Welcome to yet another installment of Punctuation 101, the posts that are all about punctuation. I'm your host, Jill Williamson. And today, we're talking about dashes and ellipses. What's the difference, you ask? Well, let's find out.
There are two kinds of dashes that are used most often in writing:
the em dash —
and the en dash –
These are both different from a hyphen -
*Please note, my instructions for creating the dashes is for word processing programs like Microsoft Word. It doesn't work online. If you're online, you either use one hyphen or two.
The em dash
To create the em dash, type a word, then type two hyphens, then type the next word, then type a space. Do not put any spaces until you are done with the sequence. What you type will look like this: word--word(space)
When you hit that last space bar, the two dashes will convert to an em dash. It's pretty cool. If you can't figure out how to make that super long em dash show up, it's acceptable to use two hyphens in place of the em dash--like that.
1. Use an em dash to set off parenthetical material that you want to emphasize.
Ex: Everything that went wrong—from the C- on our history project to Tom breaking up with her—Shelly blamed on me.
Ex: Can you believe that Susie Walker—a cheerleader and a freshman—won homecoming queen?
2. Use an em dash to set off appositives that contain commas.
Ex: When you apply the make-up—foundation, mascara, eye shadow, and lipstick—be sure to follow the guidelines.
3. Use an em dash to signify a break it thought.
Ex: “I can’t believe Mr. Thomas ate all the—did you just say that Kate had the baby?”
4. Use an em dash to signify an interruption.
Ex: “I don’t know why it happened. Maybe it’s because—”
“I don’t want to hear your excuses. I’m sick of them!”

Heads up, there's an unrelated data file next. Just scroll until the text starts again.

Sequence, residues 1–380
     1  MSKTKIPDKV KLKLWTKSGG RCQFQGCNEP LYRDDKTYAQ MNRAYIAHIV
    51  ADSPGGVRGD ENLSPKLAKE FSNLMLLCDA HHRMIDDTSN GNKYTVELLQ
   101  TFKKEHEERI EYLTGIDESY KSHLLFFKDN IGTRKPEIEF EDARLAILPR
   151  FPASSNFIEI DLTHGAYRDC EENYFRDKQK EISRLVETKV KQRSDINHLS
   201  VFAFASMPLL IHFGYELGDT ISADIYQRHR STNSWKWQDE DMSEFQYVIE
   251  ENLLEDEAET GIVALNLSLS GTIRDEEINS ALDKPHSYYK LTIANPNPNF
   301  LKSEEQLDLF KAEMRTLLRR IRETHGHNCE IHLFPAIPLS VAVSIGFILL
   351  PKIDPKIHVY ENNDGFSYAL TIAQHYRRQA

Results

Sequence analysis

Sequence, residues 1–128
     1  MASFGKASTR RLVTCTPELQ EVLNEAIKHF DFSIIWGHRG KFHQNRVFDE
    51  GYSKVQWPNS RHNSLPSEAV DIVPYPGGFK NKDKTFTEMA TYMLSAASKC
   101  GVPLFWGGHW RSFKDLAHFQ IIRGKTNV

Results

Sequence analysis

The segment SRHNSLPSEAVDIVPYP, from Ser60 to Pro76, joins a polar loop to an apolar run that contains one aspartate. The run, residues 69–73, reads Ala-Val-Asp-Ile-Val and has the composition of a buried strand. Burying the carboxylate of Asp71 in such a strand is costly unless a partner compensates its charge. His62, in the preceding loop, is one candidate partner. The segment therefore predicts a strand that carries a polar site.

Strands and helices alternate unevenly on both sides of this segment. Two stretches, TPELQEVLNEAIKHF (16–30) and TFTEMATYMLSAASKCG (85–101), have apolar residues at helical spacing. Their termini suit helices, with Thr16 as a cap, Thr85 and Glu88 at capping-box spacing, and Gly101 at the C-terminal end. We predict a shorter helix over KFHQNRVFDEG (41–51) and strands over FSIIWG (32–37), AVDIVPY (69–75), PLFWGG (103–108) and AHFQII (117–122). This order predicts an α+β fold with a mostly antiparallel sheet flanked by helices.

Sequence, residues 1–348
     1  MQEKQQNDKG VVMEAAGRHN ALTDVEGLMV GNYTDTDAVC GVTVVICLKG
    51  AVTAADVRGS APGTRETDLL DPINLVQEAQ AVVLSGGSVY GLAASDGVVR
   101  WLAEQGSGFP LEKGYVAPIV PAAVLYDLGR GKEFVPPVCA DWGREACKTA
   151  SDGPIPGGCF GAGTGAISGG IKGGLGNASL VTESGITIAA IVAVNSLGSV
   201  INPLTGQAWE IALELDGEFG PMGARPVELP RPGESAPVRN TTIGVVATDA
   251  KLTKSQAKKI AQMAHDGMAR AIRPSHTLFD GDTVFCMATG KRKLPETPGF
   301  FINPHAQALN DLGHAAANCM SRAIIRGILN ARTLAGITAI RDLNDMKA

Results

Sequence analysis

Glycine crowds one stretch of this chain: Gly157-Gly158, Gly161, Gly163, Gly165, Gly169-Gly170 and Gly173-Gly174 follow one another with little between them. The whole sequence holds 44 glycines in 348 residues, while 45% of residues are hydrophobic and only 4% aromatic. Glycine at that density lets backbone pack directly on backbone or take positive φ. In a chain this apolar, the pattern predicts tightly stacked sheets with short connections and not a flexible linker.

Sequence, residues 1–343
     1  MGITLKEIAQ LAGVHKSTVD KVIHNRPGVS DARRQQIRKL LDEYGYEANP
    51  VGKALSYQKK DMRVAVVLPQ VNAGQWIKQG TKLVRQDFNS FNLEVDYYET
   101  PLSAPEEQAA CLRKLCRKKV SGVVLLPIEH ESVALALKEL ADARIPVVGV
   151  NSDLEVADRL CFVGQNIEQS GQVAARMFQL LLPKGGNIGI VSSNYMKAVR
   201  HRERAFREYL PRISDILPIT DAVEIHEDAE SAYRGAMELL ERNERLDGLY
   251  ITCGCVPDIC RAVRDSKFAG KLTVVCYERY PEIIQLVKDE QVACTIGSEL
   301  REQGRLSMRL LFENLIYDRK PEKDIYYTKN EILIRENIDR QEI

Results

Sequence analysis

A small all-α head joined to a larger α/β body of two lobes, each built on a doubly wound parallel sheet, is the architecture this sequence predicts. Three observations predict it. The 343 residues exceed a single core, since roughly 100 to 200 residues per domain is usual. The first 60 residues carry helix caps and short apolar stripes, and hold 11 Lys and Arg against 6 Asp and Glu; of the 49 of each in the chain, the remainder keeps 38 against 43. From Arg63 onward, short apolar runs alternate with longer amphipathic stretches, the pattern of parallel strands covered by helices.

The en dash
To create the en dash, type a word, type a space, then type one hyphen, then type the next word, then type a space. What you type will look like this: word(space)-word(space)
When you hit that last space bar, the dash will convert to an en dash. This is also pretty cool. NOTE: You'll have to go back and take out the first space once the dash is converted. It's proper format that no space appear before or after the dash. If you read Harry Potter, you'll see spaces with her dashes. Keep in mind that J. K. Rowling is a British author and the punctuation and grammar rules are different there. I am teaching the rules for the
1. Use an en dash to connect inclusive numbers such as: page numbers, dates, or Bible references. Here the en dash means "up to and including" or "through."
Ex: Please read in your text pages 86–92.
Ex: I went to college from 1993–1997.
Ex: I read John 3:16–17 and it changed my life.
Singular: ellipsis [ih-lip-sis]
Plural: ellipses [ih-lip-seez]
To create an ellipsis, type three periods in a row and hit enter. Most programs will automatically format it into an ellipsis. If your program won't, you can simply type three periods in a row: ... Or you can type three periods with a space in between each: . . . As long as you are consistent, the editors will not care. When the time comes, they can easily replace all your ellipses with the Find/Replace function to whatever standard their publishing house requires.
There should be a space before and after each ellipsis.
Correct ex: "Can you . . . believe it?"
Incorrect ex: "Can you. . .believe it?"
If the ellipsis is at the beginning or end of a sentence that uses quotes, do not put a space between the ellipsis and the quotes.
Ex: "But how will I . . ."
Ex: ". . . because I said so."
Ellipses are used to show thought or dialogue faltering or trailing off. If your character is confused, insecure, uncertain, falling asleep, or passing out, an ellipsis is the tool you want to convey this.
Ex: “Where . . . I had it right . . . then medallion . . . I must have dropped it!”
Ex: “I want to go there . . . first thing . . . in the morning.”
Ex: “Okay. I’ll tell you who shot me. It was . . .” Kit’s body went limp in John’s arms.
Some publishers use four-dot ellipsis when they fall at the end of a paragraph. Some don't. You will not be rejected for doing this one way or the other. Whatever you decide, be consistent. I never use the four-dot ellipsis. I feel as though an ellipses shows that my character's thought is trailing off. And extra period to tell the reader that the end of the paragraph is there seems redundant to me. But my publisher added some into my latest manuscript edits. They're the publisher, and they're allowed to do things a certain . . . .
Dashes and ellipses ever confuse you? Any other questions about these little fellows?